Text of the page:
The (Barefoot) Writer’s Life

The writer’s life, we all have an idea of what that means. It has something to do with following a passion for ‘the word’ or self expression and getting paid for it. I think we all know accomplishing that is easier said than done, but in general writers are dreamers, and we hold onto the idea that the writing gods might smile special upon us, if only…. And of course people are out there to feed on that dream or take it down a path that is ‘the writer’s life’ in name only.

I’ve written about the idea of The Extroverted Writer, and I see how this idea gets warped into stuff like The Barefoot Writer’s Club (reviewed here). It’s nice to think that there’s a whole lot of money out there if you only abandon your dream and turn your passion into a business, become extroverted and all smiley. And it’s not exactly untrue. I’ve taken sojourns into technical writing and some other types of business writing where the money was (temporarily) good. I also worked in the academic world where the money isn’t that good and eventually became untenable. All of that can be part of a writer’s life, but it isn’t by itself ‘the writer’s life’.

I think most people who aspire to be writers would find it uncomfortable to be making boatloads of money copyediting like some Don Draper on Madmen or tech writing on wonky government docs. They’d be dreaming of escape. There’s also a sort of sorcery that follows a real writer. It’s as if the whole world gets coloured by what you are working on. When I got into tech writing on government docs, I ended up working on a project related to destroying chemical weapons from World War Two—a project my father had some connection to long ago. I thought I had escaped the clutches of military applications when I got my education in humanities and writing, but somehow I got pulled backwards into a dark place.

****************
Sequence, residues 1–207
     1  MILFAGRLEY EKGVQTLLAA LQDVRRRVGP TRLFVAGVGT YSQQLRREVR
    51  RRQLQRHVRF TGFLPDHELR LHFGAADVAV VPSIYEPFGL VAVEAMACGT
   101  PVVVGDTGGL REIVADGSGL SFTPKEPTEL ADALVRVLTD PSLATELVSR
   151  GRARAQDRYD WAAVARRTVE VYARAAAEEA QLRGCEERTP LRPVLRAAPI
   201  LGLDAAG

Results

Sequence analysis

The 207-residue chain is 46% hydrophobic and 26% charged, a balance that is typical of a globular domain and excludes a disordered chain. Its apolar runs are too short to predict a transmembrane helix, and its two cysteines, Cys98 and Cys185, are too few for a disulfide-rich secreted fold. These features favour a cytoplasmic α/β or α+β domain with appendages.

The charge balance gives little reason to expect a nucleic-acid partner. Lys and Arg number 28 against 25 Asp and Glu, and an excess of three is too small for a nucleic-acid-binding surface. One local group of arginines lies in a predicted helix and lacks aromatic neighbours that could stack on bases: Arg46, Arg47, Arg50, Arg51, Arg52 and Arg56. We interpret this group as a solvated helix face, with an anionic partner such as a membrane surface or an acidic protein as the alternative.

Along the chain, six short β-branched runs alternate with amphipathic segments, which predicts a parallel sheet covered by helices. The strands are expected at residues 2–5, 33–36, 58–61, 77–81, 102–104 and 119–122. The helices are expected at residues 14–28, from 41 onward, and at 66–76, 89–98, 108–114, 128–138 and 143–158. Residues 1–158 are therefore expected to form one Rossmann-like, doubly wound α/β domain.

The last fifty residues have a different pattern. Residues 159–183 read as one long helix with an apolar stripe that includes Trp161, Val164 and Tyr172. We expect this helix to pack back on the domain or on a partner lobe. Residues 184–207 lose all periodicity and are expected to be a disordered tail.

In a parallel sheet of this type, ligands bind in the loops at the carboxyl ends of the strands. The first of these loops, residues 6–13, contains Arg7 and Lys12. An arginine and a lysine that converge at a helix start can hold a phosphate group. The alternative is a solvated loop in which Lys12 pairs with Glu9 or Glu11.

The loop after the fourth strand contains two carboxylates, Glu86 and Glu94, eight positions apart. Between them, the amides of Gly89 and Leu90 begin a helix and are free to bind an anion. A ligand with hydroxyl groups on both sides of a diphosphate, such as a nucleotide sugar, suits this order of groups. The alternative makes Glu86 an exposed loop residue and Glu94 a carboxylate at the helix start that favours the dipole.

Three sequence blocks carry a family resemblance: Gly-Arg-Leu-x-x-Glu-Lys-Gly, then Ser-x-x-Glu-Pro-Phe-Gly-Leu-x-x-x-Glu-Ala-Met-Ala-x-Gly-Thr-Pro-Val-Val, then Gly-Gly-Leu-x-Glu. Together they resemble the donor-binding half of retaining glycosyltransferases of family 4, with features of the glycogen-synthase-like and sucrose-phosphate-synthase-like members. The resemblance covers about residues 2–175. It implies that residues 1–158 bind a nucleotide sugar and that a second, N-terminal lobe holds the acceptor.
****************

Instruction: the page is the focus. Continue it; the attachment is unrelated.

I’m not the kind of person who could dig my feet into the sand and be satisfied with a life where I’m paid really well to tinker with other people’s wonky words or find clever ways to sell things. I don’t like vacations. Traveling to someplace to see nature’s beauty or to lend a helping hand is more my style. Just like anyone, I would like to make good money doing what I love, but I’m not so sure the world works that way…especially not for a writer. The writer’s life is a delicate thing, and there’s so many ways to lose sight of it.


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